Tag Archives: telescope

Heart and Soul 3 Panel Mosaic

In the boundless theatre of the night sky, a spectacle of cosmic proportions gently unfolds. Here, through the unblinking eye of my camera, we witness the Heart and Soul Nebulae, celestial bodies of unimaginable scale and beauty. Captured in the vivid hues of the Hubble Palette, this image is the culmination of over 68 hours of patient vigil over the course of six months, a testament to the relentless march of time and space.

The Heart Nebula, known as IC 1805, and its companion, the Soul Nebula, IC 1848, are more than mere clusters of gas and dust. They are incubators of stars, cosmic nurseries where new celestial lives begin. Nestled within is the charmingly named Fish Head Nebula, a smaller star-forming region within this grand cosmic landscape.

Each pixel of this mosaic is a story, a tiny fragment of the universe’s narrative, captured through the artful blend of sulfur, hydrogen, and oxygen emissions. As we gaze upon this image, we are not merely observers but voyagers, embarking on an odyssey across the galaxy. It invites us to ponder our place in this magnificent universe, a reminder of both our insignificance and our profound connection to the cosmos.

In the grand scheme of things, this image is but a fleeting glimpse into the eternal dance of the cosmos. It is a humble offering to the beauty and complexity of the universe, a universe that continues to captivate and inspire us with its endless mysteries.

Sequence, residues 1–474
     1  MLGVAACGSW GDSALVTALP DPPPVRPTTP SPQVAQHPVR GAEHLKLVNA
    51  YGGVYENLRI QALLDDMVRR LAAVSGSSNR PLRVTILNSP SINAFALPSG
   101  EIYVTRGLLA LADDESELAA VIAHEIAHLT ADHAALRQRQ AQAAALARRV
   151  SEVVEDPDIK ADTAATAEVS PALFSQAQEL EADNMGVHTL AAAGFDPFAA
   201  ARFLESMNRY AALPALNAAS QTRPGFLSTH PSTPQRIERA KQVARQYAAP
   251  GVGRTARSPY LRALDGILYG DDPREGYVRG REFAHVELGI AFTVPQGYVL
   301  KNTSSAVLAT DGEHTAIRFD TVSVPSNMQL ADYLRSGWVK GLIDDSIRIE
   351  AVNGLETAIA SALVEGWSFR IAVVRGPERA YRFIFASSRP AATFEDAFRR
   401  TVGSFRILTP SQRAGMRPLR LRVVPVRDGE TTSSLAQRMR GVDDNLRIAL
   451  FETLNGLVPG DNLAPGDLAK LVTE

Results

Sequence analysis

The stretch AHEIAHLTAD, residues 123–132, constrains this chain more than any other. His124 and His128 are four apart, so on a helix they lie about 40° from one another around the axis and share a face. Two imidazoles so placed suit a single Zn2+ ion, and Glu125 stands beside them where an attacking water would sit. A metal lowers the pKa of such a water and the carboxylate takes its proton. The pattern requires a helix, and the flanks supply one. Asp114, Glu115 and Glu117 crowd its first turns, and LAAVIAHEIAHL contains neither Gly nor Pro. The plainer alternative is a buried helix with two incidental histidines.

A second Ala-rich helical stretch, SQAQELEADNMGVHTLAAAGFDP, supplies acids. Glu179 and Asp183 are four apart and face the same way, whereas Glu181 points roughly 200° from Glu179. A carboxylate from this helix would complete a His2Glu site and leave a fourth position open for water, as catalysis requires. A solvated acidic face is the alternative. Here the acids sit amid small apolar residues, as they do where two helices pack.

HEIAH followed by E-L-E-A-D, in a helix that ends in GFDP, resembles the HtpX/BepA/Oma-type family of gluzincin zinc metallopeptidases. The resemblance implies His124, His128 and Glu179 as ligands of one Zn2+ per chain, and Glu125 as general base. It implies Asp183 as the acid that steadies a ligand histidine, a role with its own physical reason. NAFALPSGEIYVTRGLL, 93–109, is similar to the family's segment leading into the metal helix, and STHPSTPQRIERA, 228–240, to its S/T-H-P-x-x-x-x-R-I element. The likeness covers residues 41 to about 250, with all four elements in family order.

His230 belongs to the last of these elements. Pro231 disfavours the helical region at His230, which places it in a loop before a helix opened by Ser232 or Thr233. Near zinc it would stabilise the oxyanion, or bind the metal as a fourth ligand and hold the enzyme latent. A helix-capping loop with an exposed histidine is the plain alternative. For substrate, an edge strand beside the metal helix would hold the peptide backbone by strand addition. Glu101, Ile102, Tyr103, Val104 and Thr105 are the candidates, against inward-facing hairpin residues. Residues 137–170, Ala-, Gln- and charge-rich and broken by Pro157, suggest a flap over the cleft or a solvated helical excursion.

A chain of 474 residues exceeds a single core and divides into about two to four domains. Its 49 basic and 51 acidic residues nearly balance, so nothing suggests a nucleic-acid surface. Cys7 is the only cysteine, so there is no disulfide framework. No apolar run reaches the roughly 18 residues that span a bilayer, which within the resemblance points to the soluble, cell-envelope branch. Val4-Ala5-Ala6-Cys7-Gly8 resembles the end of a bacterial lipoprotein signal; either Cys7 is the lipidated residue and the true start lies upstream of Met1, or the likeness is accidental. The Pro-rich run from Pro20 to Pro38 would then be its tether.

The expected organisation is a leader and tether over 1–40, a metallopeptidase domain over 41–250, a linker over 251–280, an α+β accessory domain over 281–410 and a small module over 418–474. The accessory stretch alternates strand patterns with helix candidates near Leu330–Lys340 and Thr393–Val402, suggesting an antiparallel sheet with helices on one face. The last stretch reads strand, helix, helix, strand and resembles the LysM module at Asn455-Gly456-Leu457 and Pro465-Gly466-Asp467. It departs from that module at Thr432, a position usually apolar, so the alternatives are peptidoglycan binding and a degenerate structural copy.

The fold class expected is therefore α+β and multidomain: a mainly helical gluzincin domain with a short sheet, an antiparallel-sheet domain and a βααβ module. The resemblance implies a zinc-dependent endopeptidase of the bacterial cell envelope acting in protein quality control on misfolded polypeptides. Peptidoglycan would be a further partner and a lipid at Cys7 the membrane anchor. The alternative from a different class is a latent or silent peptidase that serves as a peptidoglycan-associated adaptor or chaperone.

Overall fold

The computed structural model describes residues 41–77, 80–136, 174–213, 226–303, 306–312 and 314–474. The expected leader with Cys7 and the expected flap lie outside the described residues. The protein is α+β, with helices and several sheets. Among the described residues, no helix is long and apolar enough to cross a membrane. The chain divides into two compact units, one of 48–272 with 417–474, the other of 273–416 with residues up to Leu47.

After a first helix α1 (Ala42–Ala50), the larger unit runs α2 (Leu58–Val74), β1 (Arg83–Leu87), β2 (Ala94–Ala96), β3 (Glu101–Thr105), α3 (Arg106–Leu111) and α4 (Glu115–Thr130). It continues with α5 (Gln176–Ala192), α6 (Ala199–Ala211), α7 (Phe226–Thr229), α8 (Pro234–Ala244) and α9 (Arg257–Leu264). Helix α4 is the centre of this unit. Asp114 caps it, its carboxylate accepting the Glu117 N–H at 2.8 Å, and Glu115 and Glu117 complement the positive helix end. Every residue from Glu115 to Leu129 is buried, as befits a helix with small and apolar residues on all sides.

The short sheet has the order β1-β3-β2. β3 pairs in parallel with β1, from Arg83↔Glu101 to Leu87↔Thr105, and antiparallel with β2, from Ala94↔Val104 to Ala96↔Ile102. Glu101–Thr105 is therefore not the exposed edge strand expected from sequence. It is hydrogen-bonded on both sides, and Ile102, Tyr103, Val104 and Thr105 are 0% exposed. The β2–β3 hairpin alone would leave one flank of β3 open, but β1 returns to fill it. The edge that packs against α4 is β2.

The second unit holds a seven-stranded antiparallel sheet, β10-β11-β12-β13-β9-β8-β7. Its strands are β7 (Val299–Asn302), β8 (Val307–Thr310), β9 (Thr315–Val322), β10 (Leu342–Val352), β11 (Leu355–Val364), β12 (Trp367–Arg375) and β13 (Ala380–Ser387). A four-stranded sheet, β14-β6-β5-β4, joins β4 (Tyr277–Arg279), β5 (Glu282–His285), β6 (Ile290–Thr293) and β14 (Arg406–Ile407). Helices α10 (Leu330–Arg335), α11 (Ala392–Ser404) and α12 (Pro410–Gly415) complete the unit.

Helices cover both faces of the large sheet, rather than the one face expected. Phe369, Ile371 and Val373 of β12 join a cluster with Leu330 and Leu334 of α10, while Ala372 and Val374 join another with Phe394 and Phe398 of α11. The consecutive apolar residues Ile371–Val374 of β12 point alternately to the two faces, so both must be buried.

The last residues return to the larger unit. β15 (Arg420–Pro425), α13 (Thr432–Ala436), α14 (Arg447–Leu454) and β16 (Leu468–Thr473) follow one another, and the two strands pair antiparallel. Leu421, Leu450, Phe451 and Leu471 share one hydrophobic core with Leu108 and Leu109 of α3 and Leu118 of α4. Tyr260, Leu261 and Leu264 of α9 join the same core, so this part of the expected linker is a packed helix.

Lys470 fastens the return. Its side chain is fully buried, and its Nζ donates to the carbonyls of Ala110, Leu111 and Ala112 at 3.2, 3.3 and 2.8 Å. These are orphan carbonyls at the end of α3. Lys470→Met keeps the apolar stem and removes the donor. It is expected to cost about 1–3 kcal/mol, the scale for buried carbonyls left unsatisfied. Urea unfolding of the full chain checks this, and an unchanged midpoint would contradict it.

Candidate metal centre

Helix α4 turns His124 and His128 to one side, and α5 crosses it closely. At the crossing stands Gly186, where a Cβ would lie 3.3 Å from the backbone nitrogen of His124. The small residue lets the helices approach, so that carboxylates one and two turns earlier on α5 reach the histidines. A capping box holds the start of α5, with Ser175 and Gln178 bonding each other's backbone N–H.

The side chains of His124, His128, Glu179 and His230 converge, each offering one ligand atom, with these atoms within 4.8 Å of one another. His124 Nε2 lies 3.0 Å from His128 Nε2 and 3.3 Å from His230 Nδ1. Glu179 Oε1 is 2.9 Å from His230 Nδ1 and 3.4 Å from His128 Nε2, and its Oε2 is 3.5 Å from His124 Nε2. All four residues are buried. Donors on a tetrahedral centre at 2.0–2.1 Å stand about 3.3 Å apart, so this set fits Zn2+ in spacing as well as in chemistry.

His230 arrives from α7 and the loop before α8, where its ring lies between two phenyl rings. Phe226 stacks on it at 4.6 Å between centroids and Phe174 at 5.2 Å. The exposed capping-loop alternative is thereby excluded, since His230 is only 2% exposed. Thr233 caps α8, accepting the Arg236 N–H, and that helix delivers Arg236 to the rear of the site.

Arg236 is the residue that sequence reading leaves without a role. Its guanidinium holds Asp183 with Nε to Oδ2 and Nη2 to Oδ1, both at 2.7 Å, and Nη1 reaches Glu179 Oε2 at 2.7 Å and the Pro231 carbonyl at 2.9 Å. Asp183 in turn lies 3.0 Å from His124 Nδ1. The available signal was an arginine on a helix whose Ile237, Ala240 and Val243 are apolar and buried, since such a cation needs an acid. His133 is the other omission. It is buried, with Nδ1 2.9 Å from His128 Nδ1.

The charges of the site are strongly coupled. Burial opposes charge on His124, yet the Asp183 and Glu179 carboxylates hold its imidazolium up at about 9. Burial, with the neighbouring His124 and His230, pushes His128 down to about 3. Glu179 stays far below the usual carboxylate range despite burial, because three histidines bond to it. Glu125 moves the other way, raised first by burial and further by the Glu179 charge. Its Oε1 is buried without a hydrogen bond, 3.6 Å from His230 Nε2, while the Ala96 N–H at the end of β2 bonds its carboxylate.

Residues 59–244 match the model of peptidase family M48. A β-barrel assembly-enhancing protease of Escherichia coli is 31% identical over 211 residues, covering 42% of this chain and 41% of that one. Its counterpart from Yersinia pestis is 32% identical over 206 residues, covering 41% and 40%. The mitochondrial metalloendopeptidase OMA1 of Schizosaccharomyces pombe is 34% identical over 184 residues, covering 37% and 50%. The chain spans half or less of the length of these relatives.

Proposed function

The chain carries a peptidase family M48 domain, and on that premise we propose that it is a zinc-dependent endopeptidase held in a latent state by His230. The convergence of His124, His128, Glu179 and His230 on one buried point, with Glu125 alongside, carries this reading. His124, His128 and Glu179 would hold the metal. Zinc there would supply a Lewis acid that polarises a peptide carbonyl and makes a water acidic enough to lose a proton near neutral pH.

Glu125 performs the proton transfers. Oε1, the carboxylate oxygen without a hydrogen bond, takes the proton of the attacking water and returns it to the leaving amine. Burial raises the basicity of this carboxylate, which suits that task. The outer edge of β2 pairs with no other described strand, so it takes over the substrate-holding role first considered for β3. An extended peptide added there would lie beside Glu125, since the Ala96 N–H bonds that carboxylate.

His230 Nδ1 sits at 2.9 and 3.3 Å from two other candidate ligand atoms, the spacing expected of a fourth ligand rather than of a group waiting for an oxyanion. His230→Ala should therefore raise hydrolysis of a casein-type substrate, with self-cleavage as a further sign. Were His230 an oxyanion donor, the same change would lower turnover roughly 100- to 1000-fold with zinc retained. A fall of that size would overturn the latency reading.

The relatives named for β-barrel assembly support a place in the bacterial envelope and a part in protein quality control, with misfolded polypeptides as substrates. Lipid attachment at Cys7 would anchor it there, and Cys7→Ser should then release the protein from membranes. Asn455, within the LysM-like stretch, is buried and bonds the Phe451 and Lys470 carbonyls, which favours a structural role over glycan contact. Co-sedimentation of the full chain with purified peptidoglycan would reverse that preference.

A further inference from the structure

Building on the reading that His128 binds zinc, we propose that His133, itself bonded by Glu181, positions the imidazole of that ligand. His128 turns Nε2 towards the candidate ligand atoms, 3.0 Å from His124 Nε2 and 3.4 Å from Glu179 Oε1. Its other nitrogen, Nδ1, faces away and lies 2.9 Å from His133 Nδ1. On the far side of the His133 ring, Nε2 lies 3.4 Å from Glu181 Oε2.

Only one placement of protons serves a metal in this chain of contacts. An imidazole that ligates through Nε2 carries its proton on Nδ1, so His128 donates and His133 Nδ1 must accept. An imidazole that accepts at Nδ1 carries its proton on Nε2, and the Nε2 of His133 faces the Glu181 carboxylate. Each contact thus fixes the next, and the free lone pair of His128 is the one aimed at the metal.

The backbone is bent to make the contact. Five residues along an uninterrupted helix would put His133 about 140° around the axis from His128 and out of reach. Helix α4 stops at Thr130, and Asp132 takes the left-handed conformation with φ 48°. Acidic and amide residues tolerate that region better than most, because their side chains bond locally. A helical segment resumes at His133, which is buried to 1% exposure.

Catalog Names:
IC 1805 (Heart Nebula)
IC 1848 (Soul Nebula)
Fish Head Nebula (Part of the Heart Nebula)

Acquisition Dates:
16 May 2023, 17 May 2023, 20 May 2023, 21 May 2023, 25 May 2023, 26 May 2023, 27 May 2023, 28 May 2023, 15 Jun 2023, 16 Jun 2023, 24 Jun 2023, 25 Jun 2023, 26 Jun 2023, 13 Jul 2023, 16 Jul 2023, 17 Jul 2023, 19 Jul 2023, 20 Jul 2023, 25 Jul 2023, 26 Jul 2023, 6 Aug 2023, 7 Aug 2023, 9 Aug 2023, 10 Aug 2023, 17 Aug 2023, 20 Aug 2023, 22 Aug 2023, 5 Sep 2023, 9 Sep 2023, 15 Sep 2023, 23 Sep 2023, 29 Sep 2023, 8 Oct 2023, 9 Oct 2023, 14 Oct 2023, 15 Oct 2023, 6 Nov 2023, 7 Nov 2023, 10 Nov 2023, 11 Nov 2023, 14 Nov 2023, 15 Nov 2023, 19 Nov 2023, 20 Nov 2023, 22 Nov 2023, 24 Nov 2023, 25 Nov 2023


Chroma H-alpha 3nm Bandpass 50 mm: 213×300″(17h 45′) (gain: 100.00) -10°C bin 1×1
Chroma OIII 3nm Bandpass 50 mm: 303×300″(25h 15′) (gain: 100.00) -10°C bin 1×1
Chroma SII 3nm Bandpass 50 mm: 303×300″(25h 15′) (gain: 100.00) -10°C bin 1×1

To see the image in all its glory, use the link

Imaging Camera: ZWO Astronomy Cameras ASI6200MM Pro Gain 100 -10C
Imaging Scope: Sharpstar Optics 20032PNT F3.2 Paraboloid Astrograph
Filters: Chroma 50mm 3nm Filters
Filterwheel: ZWO Astronomy Cameras 7x EFW
Guide Camera: ZWO Astronomy Cameras ASI290MM
Mount: Sky-Watcher EQ8 Pro German Equatorial Mount
Auto Focuser: Primalucelab Sesto Senso2
Environmental conditions: Primalucelab ECCO2
Observatory Control: Primalucelab Eagle Eagle 4 Pro
Roof Control: Talon RoR
Image Acquisition: Main Sequence Software Sequence Generator Pro
Image Calibration and Stacking: Astro Pixel Processor